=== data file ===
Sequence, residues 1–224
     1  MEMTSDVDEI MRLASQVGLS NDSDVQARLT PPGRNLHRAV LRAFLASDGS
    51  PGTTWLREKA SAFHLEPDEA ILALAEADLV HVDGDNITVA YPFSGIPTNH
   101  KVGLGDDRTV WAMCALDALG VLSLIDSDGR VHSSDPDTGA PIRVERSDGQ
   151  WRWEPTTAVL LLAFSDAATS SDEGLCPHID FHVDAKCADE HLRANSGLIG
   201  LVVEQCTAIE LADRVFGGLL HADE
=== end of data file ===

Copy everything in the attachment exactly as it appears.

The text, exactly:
Sequence, residues 1–224
     1  MEMTSDVDEI MRLASQVGLS NDSDVQARLT PPGRNLHRAV LRAFLASDGS
    51  PGTTWLREKA SAFHLEPDEA ILALAEADLV HVDGDNITVA YPFSGIPTNH
   101  KVGLGDDRTV WAMCALDALG VLSLIDSDGR VHSSDPDTGA PIRVERSDGQ
   151  WRWEPTTAVL LLAFSDAATS SDEGLCPHID FHVDAKCADE HLRANSGLIG
   201  LVVEQCTAIE LADRVFGGLL HADE